"I'm not anticipating that happening in this state," said Newsom, whose state has three NFL franchises.

The NBA, NHL, NFL and MLB were all represented on the call by their commissioners — Adam Silver, Gary Bettman, Roger Goodell and Rob Manfred, respectively. None of the leagues released any immediate public comment about the call.

—AP

King County now has 200 deaths from COVID-19

The number of confirmed cases of the new coronavirus in King County jumped by 111, and 14 more people have died, according to numbers released by Public Health - Seattle & King County on Saturday.

The new deaths bring the county's total to 200 and the additional cases push the county's total number to 2,898, which is about 13% of people tested for the new coronavirus.

Since the nation's first reported case of COVID-19 was detected in a Snohomish County man in late January, the state has recorded 284 deaths and 6,966 cases.

The state has not yet released updated totals for Saturday.

—Ryan Blethen
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Despite Gov. Jay Inslee's stay-at-home order, traffic on Seattle's roads hovers around 50% of its typical volume

Traffic around the country has plummeted since governments began enacting stay-at-home orders amid the coronavirus outbreak, but data from vehicle navigation systems and other monitors shows many of us are still out of our homes and on the road.

Nationwide, traffic analytics firms say, daily traffic remains at about 60% of normal levels, even as the vast majority of Americans tell pollsters they’re staying home more.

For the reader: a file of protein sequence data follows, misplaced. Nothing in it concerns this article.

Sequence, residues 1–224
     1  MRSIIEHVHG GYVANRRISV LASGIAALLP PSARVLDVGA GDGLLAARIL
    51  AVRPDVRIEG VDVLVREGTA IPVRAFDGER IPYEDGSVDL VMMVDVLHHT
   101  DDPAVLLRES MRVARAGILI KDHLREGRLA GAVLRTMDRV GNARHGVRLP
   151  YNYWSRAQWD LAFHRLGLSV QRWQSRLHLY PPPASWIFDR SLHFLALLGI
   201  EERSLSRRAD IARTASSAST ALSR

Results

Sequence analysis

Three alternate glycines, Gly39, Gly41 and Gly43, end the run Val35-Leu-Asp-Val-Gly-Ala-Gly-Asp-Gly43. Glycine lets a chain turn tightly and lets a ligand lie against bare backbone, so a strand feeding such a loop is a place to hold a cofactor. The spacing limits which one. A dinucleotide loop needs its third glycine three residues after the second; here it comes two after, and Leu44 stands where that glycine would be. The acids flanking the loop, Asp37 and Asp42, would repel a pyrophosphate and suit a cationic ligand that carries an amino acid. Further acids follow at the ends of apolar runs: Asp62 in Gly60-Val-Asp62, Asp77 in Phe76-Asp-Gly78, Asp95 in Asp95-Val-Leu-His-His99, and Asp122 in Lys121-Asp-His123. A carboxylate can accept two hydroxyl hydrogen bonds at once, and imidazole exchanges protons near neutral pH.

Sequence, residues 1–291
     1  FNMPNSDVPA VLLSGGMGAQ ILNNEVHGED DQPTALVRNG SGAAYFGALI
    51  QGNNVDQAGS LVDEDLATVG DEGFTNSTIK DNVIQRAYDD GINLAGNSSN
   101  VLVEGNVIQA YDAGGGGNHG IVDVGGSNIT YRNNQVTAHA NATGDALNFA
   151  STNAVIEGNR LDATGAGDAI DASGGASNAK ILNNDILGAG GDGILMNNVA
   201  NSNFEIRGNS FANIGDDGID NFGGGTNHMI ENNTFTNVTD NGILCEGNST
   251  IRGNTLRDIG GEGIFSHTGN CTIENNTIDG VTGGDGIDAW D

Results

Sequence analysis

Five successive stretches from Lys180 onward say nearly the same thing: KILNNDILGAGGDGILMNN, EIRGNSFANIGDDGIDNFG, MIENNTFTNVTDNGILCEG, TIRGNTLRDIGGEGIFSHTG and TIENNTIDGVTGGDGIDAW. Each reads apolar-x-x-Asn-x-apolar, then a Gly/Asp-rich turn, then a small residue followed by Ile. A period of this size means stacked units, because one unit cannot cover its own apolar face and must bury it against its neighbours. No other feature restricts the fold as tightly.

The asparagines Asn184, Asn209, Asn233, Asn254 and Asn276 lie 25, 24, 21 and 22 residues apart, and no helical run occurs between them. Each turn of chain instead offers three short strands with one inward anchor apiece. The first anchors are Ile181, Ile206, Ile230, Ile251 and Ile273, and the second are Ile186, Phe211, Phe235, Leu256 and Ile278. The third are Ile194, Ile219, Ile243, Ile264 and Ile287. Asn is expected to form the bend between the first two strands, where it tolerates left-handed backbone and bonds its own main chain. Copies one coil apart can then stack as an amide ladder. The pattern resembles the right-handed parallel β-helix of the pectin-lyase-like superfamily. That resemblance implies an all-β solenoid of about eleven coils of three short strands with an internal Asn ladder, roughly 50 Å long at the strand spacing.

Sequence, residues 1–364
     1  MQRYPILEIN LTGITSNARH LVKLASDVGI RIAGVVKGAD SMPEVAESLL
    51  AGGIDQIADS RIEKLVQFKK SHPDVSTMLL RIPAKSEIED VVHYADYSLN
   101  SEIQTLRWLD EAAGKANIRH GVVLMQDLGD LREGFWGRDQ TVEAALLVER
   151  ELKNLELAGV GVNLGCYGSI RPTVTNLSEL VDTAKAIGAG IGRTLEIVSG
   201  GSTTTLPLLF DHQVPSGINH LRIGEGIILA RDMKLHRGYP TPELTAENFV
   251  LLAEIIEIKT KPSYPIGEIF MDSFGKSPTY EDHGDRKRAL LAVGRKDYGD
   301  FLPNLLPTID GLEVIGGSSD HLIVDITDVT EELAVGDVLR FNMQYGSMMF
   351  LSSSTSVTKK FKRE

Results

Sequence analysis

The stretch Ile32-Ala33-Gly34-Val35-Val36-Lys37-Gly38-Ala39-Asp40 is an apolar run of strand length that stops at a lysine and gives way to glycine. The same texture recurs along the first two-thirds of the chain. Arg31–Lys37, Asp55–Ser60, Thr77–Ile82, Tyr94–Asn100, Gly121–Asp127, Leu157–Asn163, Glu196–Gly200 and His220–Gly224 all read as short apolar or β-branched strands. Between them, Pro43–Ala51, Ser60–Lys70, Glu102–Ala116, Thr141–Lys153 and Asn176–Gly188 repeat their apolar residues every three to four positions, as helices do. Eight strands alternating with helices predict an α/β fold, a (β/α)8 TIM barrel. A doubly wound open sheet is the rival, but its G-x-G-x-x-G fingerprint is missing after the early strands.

In California, where a stay-at-home order took effect March 19, daily trips statewide remain at 58% of normal levels, according to Wejo, a British company that collects data from sensors in some passenger vehicles.

On Wednesday — two days after the District of Columbia, Virginia and Maryland enacted stay-at-home orders — daily car trips in the region remained at 51% of normal in D.C., 53% in Maryland and 59% in Virginia, according to Wejo, which does not include trucks or other commercial vehicles.

The figures are similar in parts of the country at the forefront of the U.S. COVID-19 outbreak and where people have been under shelter-in-place orders longer.

Washington state officials announced a stay-at-home order March 23. More than a week later, distances traveled on Seattle roads remained at about 55% of normal, according to INRIX, a Kirkland, Washington-based traffic analytics firm that crunches data from vehicle navigation systems, cellphones and other devices.

Read the full story here.

—The Washington Post

President Trump speaks with sports commissioners about coronavirus response

President Donald Trump spoke by telephone Saturday with commissioners of America’s professional sports leagues, most of which have suspended operations for three weeks, to discuss the “all-of-America response to COVID-19,” according to the White House.

“The President recognized the good work being done by many teams and players to take care for their communities, workforces, and fan bases across the nation,” read a White House statement.

“The commissioners thanked President Trump for his national leadership and for his interest in the sports industry. President Trump encouraged them to continue to support their fellow Americans during this challenging time.”

The following people participated in the call: President Trump; Kellyanne Conway, assistant to the president and senior counselor; Andrew Giuliani, special assistant to the president and associate director of the Office of Public Liaison; NHL commissioner Gary Bettman; WNBA commissioner Cathy Engelbert; MLS commissioner Don Garber; NFL commissioner Roger Goodell; MLB commissioner Rob Manfred; WWE president Vince McMahon; PGA Tour commissioner Jay Monahan; NBA commissioner Adam Silver; UFC president Dana White; Indianapolis Motor Speedway owner Roger Penske; LPGA commissioner Michael Whan; and Breeders’ Cup president Drew Fleming.

Read about it here.

—The Los Angeles Times

Another cruise ship with virus victims docking

Another cruise ship with coronavirus victims on board, including two fatalities, is docking in Florida.